Associate Jessica Thomas’s article has been featured in the following publications:
In the wake of the global financial crisis, “risk avoidance” appears to have replaced “risk management“, with banks embarking upon wholesale cullings of customers deemed to be “outside of risk appetite“. This practice is called “de-risking“, and whilst many regulatory authorities insist that it is not in line with international guidelines, the unfortunate reality is that it has become a recognised problem within the global financial services sector and termed a large-scale market failure.
The increased regulatory activity means increasing costs to banks either in the face of sanctions imposed by the regulators, or in the face of mandatory standards of risk and compliance. This has not gone unnoticed and the World Bank’s 2015 report on de-risking points to low profitability of a customer base as one of the key, if not the most important, driving factors behind de-risking practices. Banks are now frequently left in a situation where they lack both “market and regulatory incentive” to maintain a wide range of customer accounts, with the preferred approach being to off-board high-risk, low-profit customers.
The risk of falling short of existing Anti-Money Laundering (“AML”) legislation is another factor. In the UK, the application of the Money Laundering Regulations 2007 and, specifically, the concept of a Politically Exposed Person (“PEP”), has an extensive application across a wide range of customers (covering not only the PEP itself, but also any of its “close associates” and “immediate family members“). Moreover, once a PEP has been identified banks are then under an obligation to carry out enhanced customer due diligence and monitoring – rather than adhering to these ongoing obligations, the more financially viable and risk-adverse option for a bank is often to simply close the customer’s account.
The Financial Action Task Force has observed that de-risking has the potential to force entities and persons into less regulated or unregulated channels. Something which Gloria Grandolini (Senior Director of Finance and Markets Global Practice at the World Bank Group) agreed with when she stated that “[t]here is a real risk that turning away customers could actually reduce transparency in the system by forcing transactions through unregulated channels“. So what can be done to counter the adverse effects?
The FCA’s recently commissioned report (“De-risking & Impacts of Derisking”) recognised the need for banks to “retain flexibility in setting up appropriate systems and controls to ensure they comply with legislation as well as in making commercial decisions on whether to provide banking facilities that are consistent with their tolerance of risk“.
Many hope that the Financial Services Act 2016, which came into force on 6 July 2016, will go some way to achieving this. The act makes provision for the FCA to issue guidance on the meaning of a PEP for the purposes of the Money Laundering Regulations, going so far as to suggest that compensation might be owed to the customer concerned if the banks effectively “over-comply” with the regulations. This latter proposal appears to address the “one size fits all” approach by introducing an element of accountability for any de-risking decisions and encouraging a more active management of risk portfolios. To ensure this initiative has any real impact, however, it would need to truly penetrate; training should highlight more than just a need to focus on treating each client on a case-by-case basis, and work to avoid the systematic allocation of clients into convenient risk buckets to be emptied out of the firm if out of sync with its risk appetite.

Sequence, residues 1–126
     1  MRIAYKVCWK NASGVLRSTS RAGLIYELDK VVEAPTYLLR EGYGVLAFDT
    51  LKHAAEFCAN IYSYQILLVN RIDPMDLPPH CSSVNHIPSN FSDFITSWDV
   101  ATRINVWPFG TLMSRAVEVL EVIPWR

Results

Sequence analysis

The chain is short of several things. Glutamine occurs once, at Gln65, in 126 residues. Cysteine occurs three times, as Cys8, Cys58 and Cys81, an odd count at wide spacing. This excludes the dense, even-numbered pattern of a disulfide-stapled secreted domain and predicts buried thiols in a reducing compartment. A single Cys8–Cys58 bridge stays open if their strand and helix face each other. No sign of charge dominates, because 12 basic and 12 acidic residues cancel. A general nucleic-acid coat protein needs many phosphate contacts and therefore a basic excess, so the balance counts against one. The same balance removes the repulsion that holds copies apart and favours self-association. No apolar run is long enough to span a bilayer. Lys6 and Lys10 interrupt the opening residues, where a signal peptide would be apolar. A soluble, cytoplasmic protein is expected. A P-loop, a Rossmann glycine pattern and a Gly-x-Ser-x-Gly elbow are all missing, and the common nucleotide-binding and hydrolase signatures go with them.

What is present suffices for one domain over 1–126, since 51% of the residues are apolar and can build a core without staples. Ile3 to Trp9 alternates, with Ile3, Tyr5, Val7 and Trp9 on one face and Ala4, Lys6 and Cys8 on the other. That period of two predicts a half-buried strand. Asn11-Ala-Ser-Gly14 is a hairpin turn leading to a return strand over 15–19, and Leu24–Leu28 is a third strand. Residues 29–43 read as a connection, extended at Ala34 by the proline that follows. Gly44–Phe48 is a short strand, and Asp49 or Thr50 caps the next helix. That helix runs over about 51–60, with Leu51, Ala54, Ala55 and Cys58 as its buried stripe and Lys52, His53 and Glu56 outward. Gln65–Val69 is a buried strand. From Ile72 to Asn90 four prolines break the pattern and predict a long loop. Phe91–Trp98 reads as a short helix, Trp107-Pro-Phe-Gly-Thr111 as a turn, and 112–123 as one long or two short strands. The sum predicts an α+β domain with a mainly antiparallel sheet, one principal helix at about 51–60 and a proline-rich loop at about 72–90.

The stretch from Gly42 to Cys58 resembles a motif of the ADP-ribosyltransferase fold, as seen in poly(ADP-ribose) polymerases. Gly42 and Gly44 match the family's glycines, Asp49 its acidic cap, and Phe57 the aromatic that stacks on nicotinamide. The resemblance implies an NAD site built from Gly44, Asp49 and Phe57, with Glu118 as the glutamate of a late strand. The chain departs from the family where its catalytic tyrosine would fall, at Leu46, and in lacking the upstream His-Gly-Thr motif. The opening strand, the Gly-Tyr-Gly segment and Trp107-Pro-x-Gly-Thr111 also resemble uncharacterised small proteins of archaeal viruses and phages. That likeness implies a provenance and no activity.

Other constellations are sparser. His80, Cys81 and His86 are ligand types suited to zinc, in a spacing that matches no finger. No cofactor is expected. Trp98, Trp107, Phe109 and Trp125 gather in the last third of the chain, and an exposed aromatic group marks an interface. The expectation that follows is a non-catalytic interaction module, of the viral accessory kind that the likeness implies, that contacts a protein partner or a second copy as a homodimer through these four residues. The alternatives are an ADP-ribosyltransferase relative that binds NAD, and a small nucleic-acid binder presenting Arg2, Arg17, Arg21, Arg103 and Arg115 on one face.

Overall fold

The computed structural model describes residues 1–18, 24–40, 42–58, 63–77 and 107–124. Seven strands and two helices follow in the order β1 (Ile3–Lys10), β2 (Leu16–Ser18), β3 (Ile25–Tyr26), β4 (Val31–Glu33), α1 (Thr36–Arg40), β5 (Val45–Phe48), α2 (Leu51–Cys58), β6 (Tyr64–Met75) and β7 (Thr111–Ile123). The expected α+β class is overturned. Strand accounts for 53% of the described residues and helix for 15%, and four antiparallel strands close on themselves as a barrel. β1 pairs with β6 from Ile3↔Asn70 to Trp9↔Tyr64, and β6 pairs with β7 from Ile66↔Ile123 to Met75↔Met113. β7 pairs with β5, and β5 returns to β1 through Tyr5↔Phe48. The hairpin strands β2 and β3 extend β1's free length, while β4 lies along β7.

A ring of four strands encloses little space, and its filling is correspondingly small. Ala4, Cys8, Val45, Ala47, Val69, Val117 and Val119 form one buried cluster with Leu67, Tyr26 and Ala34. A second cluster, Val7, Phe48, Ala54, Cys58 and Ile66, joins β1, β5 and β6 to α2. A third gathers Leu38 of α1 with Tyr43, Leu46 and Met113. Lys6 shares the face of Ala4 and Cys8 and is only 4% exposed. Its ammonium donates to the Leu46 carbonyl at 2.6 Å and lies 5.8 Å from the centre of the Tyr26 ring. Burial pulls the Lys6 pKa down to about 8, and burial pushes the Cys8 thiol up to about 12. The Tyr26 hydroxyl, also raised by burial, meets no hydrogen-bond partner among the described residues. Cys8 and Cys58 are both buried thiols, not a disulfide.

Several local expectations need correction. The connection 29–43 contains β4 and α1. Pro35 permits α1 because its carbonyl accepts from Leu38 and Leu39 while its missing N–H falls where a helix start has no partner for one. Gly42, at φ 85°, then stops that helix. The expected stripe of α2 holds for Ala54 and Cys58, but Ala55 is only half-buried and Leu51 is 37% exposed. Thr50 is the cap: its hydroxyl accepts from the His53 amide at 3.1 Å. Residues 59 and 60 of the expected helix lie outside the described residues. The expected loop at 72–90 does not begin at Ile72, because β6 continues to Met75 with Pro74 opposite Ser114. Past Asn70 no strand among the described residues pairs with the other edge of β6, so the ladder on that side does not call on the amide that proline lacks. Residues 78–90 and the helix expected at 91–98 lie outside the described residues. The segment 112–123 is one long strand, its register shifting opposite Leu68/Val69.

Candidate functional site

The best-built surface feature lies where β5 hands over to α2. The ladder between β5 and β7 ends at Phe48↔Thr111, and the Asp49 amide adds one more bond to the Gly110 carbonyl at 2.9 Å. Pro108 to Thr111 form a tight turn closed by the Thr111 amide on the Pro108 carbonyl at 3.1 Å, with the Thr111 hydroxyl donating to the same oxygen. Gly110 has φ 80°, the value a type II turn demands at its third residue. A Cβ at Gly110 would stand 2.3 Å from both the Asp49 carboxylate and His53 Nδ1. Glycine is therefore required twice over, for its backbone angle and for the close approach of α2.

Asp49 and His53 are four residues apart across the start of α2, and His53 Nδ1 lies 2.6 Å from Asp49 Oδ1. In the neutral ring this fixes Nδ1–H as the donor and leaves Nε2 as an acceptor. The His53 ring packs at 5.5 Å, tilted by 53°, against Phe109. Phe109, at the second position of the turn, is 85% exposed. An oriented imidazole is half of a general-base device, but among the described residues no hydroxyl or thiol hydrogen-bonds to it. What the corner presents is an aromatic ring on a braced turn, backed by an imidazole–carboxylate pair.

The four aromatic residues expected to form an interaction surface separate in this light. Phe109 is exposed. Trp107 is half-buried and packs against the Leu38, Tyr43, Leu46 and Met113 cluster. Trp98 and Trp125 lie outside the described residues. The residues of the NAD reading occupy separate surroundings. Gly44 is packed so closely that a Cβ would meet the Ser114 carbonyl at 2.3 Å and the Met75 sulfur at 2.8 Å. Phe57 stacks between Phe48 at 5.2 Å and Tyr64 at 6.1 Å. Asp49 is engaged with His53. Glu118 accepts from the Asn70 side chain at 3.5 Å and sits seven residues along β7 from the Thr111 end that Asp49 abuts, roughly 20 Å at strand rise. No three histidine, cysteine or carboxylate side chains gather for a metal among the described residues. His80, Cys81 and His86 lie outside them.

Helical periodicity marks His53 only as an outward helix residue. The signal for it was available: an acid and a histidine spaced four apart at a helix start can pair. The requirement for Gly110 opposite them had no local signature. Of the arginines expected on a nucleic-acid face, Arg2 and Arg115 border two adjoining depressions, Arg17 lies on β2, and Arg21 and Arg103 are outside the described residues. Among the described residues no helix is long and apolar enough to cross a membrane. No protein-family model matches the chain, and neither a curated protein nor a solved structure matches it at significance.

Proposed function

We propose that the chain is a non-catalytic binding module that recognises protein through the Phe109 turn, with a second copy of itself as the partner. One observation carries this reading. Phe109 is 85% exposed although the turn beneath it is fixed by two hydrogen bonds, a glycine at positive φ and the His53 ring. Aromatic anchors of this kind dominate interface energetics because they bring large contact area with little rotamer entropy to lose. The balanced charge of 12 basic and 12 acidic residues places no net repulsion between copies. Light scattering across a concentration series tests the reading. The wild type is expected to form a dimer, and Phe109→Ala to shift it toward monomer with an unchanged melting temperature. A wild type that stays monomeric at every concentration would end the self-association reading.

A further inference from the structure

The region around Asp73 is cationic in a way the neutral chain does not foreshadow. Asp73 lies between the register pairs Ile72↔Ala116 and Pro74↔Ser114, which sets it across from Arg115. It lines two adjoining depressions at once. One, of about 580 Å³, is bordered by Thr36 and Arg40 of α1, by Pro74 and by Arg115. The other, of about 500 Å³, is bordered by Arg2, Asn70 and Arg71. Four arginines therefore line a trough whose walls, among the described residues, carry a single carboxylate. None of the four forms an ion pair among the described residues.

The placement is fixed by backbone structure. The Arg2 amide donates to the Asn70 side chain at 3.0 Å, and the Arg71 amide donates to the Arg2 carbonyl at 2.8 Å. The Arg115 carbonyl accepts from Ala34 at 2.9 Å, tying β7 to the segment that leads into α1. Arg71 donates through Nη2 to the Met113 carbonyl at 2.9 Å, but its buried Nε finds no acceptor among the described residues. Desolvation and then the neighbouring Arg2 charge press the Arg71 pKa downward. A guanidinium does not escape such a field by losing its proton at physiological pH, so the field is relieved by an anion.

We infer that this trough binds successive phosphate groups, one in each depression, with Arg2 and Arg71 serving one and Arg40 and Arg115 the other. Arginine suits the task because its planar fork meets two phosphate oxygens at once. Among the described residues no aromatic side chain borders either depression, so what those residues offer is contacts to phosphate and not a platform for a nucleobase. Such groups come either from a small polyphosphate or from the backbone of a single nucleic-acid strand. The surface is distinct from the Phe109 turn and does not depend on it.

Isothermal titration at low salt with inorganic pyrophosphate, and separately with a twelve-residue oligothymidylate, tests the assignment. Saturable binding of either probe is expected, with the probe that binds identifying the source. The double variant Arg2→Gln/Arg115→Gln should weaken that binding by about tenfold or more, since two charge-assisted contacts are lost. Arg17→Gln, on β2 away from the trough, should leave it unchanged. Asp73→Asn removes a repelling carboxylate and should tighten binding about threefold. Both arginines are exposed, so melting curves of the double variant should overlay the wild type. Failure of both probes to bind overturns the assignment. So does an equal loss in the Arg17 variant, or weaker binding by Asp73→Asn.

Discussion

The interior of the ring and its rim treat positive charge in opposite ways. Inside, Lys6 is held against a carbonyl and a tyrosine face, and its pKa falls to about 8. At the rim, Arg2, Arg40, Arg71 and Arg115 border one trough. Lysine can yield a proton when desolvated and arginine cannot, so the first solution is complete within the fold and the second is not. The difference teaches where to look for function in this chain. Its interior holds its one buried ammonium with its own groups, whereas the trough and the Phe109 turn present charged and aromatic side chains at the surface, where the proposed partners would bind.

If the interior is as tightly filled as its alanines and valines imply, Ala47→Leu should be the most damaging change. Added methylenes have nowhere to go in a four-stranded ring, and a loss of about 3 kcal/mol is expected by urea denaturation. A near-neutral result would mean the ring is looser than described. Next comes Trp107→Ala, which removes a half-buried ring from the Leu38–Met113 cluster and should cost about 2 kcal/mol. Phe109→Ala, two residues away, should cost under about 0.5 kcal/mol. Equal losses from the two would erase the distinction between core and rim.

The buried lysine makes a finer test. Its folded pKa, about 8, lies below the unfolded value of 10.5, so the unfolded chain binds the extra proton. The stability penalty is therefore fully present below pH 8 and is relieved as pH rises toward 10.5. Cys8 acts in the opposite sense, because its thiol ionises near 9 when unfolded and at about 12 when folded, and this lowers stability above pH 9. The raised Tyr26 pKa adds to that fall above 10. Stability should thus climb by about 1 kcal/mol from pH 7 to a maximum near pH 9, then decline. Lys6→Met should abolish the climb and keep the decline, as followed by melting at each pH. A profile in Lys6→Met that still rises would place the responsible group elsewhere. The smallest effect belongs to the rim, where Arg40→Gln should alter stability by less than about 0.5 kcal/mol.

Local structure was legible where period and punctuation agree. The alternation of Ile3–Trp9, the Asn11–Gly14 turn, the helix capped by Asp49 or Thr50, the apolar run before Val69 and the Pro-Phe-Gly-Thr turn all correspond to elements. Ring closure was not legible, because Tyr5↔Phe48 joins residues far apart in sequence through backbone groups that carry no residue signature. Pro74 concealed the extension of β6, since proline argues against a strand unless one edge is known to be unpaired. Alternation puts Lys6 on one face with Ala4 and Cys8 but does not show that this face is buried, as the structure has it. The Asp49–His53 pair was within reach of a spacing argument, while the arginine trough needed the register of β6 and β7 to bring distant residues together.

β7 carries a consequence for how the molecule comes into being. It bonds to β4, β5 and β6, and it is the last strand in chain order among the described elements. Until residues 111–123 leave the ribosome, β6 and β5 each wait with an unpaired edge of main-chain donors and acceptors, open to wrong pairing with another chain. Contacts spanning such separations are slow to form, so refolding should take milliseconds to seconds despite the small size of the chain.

Many hope that the arrival of the Basic Payment Accounts Regulations 2015 (“BPARs“) on 18 September 2016 will also provide a buffer to across-the-board de-risking practices. The BPARs will, subject to certain conditions, make it mandatory for banks to offer a basic payment account to any consumer who applies for one on or after 18 September 2016. Banks will also see a limitation of their discretionary termination rights: under the BPARs, basic payment accounts may only be closed in clearly defined situations (for example, if the account is being used for illegal purposes, or if the customer subsequently opens a second account elsewhere). The FCA sees the introduction of the BPARs as positive progress in the fight against de-risking; not only do they provide clear cut rights to customers, but they also lay down unambiguous rules of governance for banks in respect of certain customer accounts. That said, the restricted application of these Regulations cannot, unfortunately, be ignored: basic payment accounts are not overly appealing due to their limited functions, they are also notably under-advertised by most high street banks and as a result make up only a small number of accounts on most banks’ books. Despite the BPARs being a step in the right direction, therefore, their impact might not actually be felt on any extensive scale.
It is unlikely that these new initiatives will totally eradicate the problem of de-risking. What is promising, however, is that UK regulators appear at least to have realised that the current regulatory environment is close to being unworkable. Banks need more clarity on what risks they actually face, and an improved dialogue between the financial services sector, the regulators and the consumers will prove essential in achieving this.
 World Bank Report: “Understanding Bank De-risking and its Effects on Financial Inclusion“, November 2015.